In previous papers Professor Chen's team has reported on a device that showed uniform bipolar resistance switching behavior with an operation below 100 nanoseconds and a resistance on/off ratio of more than 100 and greater than 10 years retention time.
In terms of cycling endurance the team has not yet done strict testing although they have put devices through thousands of programming and erase cycles, Professor Chen said. He added that achieving the cycling endurance of nanometric NAND flash memory at 10^4 or 10^5 cycles represented a relatively easy goal. "I don't see a problem exceeding flash memory. Whether it could be used as a DRAM at 10^10 or 10^11 cycles I don't know."
The use of different electrodes is significant as there is a work function dependency in the switching. However, the use of molybdenum and platinum in particular is not required, said Professor Chen. "We chose platinum as the top electrode because it is very durable; useful for test devices."
In the present arrangement the change from high resistance state (HRS) to low resistance state (LRS), which Professor Chen calls onswitching, occurs at about -1V while the switching from LRS to HRS can be tuned to take place at voltages down to 1 volt but in the range 1-V to 10-V. Reading the state of the memory requires a lower voltage of about 0.5-V but could be taken down to 0.2-V, Professor Chen said.
These memories are not thought to be filamentary and unlike other ReRAMs, the insulator-metal transition in nanometal ReRAMs can be triggered by UV irradiation without an electric field.
Professor Chen's group has not yet made any devices with nanometer-scale lateral minimum geometries and nor has it produced any arrays of the memory devices. One of the reasons for this is that as the memory device is bipolar it will require a circuit isolation device to prevent cross-talk in an array.
The development of smaller geometry devices and arrays represents an obvious next step for the research. "We would like some companies to get interested and see if it can be done in a wafer fab setting," Professor Chen said.
Some more details from this group are at Adv. Mat. 23, 3847-3852 (2011). It largely reflects what has been reported here. However, capacitance measurements are missing which should be normally used to evaluate the charge trapping.
I see the distinction you are going after, a distributed vs. more focused filament path. But the way to show this is to compare R vs. size. If R is weakly dependent on size, as was shown in the thesis, it is more likely to be at least not so evenly distributed as would be imagined. I'll check this against the foils from the event, if they are available soon.
This paper and 11 other exciting talks are scheduled for the IEEE San Francisco Bay Area Nanotechnology Council's 8th Annual Full Day Symposium -"Emerging Non-volatile Memory Technology" on April 6th. Register at www.ieee.org/nano where you can find the abstracts for the other papers
Resistron-If you fabricate a device with a volume fraction of Pt in the range 30% close to the value of the percolation limit, (i.e 33%), where the probability of a continuous path becomes 1, then there will be in 3D many possible similar discontinuous shorter paths. I think it is wrong to describe this as a standard filamentary RRAM, whatever that is. Sure you could lump these under your definition of "predefined filaments". The results in work already published suggest a good correlation of resistance with area, suggesting the insulating state is NOT single filament like many of the reported RRAM and ReRAMs. I think you need to understand the role of the spreading resistance in the values reported by Prof Wei and colleagues for the conducting state, without that you might conclude the results for the conducting state are substantially independent of area and are therefore for a single conducting filament.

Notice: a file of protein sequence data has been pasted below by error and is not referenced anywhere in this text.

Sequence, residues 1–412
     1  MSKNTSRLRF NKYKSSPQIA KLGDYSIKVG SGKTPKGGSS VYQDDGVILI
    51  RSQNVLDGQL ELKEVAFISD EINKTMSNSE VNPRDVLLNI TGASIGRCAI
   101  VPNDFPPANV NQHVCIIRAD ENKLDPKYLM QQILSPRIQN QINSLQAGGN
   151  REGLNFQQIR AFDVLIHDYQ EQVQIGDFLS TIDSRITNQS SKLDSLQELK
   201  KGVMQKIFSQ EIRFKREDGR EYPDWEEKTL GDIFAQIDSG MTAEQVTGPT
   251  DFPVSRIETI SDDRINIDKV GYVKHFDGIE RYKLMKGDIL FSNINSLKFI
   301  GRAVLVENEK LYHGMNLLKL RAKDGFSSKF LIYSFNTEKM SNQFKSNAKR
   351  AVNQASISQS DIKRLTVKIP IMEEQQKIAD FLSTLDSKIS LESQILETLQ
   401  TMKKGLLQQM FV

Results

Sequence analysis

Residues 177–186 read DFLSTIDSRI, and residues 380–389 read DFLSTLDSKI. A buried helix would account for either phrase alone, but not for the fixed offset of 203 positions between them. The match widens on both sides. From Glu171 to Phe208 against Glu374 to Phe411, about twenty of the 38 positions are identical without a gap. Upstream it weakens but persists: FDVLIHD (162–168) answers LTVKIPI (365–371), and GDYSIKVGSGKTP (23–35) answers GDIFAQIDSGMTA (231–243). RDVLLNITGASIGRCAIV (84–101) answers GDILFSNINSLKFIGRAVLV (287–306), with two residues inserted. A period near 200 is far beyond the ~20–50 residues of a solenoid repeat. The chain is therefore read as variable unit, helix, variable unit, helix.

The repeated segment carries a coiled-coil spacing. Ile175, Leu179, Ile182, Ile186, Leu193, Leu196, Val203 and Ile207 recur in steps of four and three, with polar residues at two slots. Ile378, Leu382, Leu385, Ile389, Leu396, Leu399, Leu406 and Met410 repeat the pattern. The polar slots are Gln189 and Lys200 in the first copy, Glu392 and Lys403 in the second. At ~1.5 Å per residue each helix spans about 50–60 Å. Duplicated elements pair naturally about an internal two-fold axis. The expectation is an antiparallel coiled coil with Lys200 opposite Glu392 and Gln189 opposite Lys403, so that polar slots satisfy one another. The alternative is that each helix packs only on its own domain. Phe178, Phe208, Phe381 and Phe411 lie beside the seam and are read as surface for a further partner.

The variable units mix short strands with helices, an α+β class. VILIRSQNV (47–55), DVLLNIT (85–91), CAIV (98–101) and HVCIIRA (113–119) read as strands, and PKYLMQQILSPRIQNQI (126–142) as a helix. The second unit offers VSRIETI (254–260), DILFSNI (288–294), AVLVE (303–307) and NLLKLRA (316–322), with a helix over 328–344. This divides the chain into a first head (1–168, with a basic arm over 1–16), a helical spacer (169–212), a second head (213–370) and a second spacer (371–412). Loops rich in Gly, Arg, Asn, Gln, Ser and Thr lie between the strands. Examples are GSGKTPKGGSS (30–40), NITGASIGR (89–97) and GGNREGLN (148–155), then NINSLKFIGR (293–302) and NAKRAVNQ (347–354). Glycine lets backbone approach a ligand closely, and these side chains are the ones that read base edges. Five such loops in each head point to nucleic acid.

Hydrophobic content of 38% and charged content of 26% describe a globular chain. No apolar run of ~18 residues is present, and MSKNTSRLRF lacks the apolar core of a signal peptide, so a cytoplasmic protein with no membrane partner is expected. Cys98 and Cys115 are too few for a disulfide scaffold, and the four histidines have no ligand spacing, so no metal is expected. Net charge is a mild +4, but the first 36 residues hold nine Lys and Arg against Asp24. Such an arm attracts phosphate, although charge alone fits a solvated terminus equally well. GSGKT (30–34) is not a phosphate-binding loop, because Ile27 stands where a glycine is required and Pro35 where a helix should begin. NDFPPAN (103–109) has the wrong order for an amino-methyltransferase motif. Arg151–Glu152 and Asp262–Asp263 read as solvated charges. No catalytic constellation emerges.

When operating near the 33% volume fraction limit there is also a probability of many paths where there are short continuous chains of Pt atoms that do not reach the distance between the electrodes, so they might be considered as nano metallic strands, there can still be traps between those chains that allow the device to work as reported, even if the strands become negatively charged the will offer some form of Coulombic repulsion.
I would suggest if you have the opportunity you follow Peter Clarke's advice here above and attend Prof Wei's presentation. Also read the report of the work from on Rice NV RAM, reported in EETimes today-that is clearly a single filament device. Your standard filamentary RRAM if you like.
I understand that there are characteristics of resistance switching behavior and V-I-R curves that can be used to distinguish between filamentary and non-filamentary behavior. These are things which I did not go into here.
I suggest that those who are interested in more detail get along to the TI Conference Center at
2900 Semiconductor Drive, Santa Clara, California on Friday, April 6. OR try and get hold of Professor Chen's slide set from the event, perhaps from the IEEE.
Having read his student's thesis, I think what they got is a standard filamentary RRAM, with pre-defined filaments, marked by Pt and pores characteristic of co-sputtered films. Filaments can consist of charge-trapping defects of course. But the defects they show are nm-scale rather than atomic.
David Patterson, known for his pioneering research that led to RAID, clusters and more, is part of a team at UC Berkeley that recently made its RISC-V processor architecture an open source hardware offering. We talk with Patterson and one of his colleagues behind the effort about the opportunities they see, what new kinds of designs they hope to enable and what it means for today’s commercial processor giants such as Intel, ARM and Imagination Technologies.